As part of my MFA program, I was told I had to take a class outside of my comfort zone, which happens to be in fiction. I signed up for a poetry class not expecting to like it. And while I don’t consider myself a poet, delving into poetry changed my writing and my thinking about writing in unexpected ways.
1. Poetry forces the fiction writer to get to the point.
Fiction editors often say writing should be “tight”: writing poetry is the ultimate and perhaps most extreme way of learning to employ efficient syntax. Less talk, more meaning. Nowhere does this become more evident than in editing poems. Excess words are stripped and discarded. And while fiction writers are known to moan about the horrors of -ly, poets often eschew -ly, -ing, -ness, -tion and many other suffixes. Every letter, every morpheme, every word, every punctuation mark is either necessary, or it’s gone. Good fiction can also be like that.
2. Poetry teaches the prose writer to choose words that multitask.
When you’re forced to use as few words as possible to convey your point(s), you must explore every possible reading of a single word. This compels the writer to explore word choices that are rich in meanings, associations, and nuances. And while a multiplicity of meanings seems like it might muddle otherwise clear writing, the result is (paradoxically) word choices that are as distinct and dramatic as cigarette burns on a page.
3. Poetry expands ideas.
Writing a prose moment as a poem can illuminate invisible “light waves” of feeling that are not always detectable on the normal prose spectrum. Often, poems dwell in a space where prose is ineffective-where that word-on-the-tip-of-your-tongue probably isn’t a word at all. Lingering in this undefined, creative space helps expand ideas as far as they can go. It gives the writer the time and the permission to commune with her own subconscious. The results can be surprising.
4. Poetry gets to the core meaning.
Looking at prose through poetry can be like examining narrative under a microscope: a fascinated search for the deepest fundamental meaning. When we’re writing a book or story, it’s sometimes hard to know the real weight–or what matters most–about a character, a passage, a scene. By writing poems-by distilling language until only its core meanings are left-we can sometimes discover where the singular, nucleic energy of a given work lies.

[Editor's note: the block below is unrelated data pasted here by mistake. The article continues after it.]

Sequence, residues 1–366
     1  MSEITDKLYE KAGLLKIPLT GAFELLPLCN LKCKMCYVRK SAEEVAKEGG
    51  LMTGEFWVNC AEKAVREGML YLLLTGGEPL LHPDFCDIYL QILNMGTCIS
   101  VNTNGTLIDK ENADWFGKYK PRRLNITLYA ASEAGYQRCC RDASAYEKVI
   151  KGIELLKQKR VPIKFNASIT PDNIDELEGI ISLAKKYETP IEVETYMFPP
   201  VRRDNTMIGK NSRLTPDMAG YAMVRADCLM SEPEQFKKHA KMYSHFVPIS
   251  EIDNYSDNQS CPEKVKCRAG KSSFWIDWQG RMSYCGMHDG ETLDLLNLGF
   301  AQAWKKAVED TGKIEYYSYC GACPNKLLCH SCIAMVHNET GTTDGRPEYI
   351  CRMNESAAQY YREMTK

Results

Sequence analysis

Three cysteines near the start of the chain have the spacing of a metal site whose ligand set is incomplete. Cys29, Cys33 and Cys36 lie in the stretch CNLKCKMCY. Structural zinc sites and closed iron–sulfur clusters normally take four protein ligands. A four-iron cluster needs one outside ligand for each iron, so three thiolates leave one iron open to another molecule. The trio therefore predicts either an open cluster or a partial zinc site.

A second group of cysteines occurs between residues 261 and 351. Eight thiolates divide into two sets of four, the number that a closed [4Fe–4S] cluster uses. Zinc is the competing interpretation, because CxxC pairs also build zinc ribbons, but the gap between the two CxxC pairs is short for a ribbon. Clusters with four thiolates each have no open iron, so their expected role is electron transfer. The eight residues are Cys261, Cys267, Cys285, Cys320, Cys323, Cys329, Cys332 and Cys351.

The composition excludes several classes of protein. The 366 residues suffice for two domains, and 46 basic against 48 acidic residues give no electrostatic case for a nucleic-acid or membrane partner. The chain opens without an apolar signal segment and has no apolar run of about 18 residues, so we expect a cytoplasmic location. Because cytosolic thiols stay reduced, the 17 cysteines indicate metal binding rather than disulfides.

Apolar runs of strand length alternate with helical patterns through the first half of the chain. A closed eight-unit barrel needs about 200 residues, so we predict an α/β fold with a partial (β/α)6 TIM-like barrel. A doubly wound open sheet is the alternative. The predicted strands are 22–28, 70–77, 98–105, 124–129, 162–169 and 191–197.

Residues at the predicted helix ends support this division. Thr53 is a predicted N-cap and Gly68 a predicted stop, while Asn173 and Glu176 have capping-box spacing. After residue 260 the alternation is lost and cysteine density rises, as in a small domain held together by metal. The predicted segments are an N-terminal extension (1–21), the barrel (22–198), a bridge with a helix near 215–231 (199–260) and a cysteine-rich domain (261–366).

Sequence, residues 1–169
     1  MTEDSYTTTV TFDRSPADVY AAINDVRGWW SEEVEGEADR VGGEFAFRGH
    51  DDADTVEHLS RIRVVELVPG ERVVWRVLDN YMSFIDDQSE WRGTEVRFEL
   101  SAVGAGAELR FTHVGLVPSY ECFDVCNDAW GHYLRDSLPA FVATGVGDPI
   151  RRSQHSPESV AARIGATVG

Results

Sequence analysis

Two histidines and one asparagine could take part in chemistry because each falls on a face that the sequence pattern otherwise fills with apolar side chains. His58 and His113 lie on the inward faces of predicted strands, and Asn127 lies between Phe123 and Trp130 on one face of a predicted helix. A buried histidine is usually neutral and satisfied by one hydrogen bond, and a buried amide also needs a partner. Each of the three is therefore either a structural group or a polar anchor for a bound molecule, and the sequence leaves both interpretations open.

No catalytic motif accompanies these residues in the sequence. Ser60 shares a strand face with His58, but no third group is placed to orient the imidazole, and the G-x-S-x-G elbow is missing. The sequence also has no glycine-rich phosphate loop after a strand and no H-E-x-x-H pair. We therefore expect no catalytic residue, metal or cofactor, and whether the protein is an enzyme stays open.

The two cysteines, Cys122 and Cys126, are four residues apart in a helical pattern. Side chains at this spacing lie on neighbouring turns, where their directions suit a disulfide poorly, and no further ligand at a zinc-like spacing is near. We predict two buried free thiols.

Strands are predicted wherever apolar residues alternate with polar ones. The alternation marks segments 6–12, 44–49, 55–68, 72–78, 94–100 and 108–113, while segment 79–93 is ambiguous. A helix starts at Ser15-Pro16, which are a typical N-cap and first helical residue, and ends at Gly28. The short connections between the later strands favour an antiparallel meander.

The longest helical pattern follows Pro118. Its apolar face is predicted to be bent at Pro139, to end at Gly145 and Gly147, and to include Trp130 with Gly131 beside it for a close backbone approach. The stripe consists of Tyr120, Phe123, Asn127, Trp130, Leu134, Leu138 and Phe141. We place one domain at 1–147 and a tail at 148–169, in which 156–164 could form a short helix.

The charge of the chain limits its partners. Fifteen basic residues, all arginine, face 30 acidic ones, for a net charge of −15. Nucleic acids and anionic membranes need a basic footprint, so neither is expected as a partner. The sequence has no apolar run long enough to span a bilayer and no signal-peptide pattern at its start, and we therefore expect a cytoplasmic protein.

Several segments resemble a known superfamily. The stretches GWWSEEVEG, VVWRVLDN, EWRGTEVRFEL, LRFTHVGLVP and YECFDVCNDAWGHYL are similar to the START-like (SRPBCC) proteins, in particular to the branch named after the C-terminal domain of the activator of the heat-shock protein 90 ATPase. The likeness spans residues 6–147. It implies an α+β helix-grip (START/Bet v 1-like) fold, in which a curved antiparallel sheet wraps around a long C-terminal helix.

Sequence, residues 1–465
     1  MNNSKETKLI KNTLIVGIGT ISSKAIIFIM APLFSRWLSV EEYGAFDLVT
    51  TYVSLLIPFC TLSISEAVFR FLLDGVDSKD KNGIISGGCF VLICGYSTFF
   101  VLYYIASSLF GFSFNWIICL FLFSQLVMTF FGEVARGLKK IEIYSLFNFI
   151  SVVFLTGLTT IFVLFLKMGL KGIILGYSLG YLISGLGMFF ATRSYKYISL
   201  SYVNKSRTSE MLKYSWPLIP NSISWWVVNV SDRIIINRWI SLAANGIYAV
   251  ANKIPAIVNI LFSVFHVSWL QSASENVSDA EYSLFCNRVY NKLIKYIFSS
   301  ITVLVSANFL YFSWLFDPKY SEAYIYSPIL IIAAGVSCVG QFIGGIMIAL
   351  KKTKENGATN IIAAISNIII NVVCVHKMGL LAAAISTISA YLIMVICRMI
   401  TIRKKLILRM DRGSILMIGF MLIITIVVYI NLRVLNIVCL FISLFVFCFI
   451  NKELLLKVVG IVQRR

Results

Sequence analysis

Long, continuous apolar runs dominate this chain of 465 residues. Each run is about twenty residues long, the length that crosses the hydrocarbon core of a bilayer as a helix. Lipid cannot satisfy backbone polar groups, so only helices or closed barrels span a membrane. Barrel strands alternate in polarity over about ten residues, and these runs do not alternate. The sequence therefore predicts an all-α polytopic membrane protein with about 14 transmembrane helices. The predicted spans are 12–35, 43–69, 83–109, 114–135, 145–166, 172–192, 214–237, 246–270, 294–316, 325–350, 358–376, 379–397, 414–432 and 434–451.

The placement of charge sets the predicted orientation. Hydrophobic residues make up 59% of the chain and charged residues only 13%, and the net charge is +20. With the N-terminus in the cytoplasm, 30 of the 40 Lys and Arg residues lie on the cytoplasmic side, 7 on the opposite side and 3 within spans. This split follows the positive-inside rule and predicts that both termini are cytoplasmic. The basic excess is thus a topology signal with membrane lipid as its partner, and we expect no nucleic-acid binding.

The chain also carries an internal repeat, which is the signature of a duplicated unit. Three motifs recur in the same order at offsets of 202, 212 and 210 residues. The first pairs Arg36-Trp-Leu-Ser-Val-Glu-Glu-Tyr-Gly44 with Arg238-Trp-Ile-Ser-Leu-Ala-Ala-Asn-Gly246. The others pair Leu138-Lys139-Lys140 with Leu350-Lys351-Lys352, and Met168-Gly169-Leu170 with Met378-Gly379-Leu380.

5. Poetry challenges prose traditions.
Experimenting with poetry can force expression that is outside of the expected chronologies, orders, logics, and reasons often associated with prose traditions. In other words, because poems don’t necessarily follow the rules of narrative, writing poetry can compel us to take creative risks with our usual formats or forms. Though it’s both cliché and ironic to say it, poetry makes us “think outside the box.”
6. Poetry is fun.
Dabbling (secretly or not) in poetry gives the prose writer an unrestricted, unstructured, un-judged space for (word)play. If you designate your poetry-writing as an endeavor not intended to entertain anyone but yourself, you reserve a place where you can “let yourself go,” where you can be free of the insecurity and self-doubt that accompany more serious writings. Doing this, of course, loosens-up creative impulses and enriches prose.
A prose-writer pursuing poetry is something like a quarterback studying ballet.
On the surface, it may feel unjustified and clumsy to do it. But it’s the
interaction-and the difference-between the two forms that forces growth and
improvement on both sides of the divide.
About the Author:
* Lisa Dale has been published in many national literary magazines and has been nominated for a Pushcart Prize and for Best New American Voices. She also writes romance/women’s fiction novels for a major New York publishing house. Seminars and lectures (including a FREE audio download) are available on her website, http://www.lisadalebooks.com. Her blog, http://www.lisadaleblog.com, dissects, scrutinizes, and tinkers with “how books work.” Comments welcome.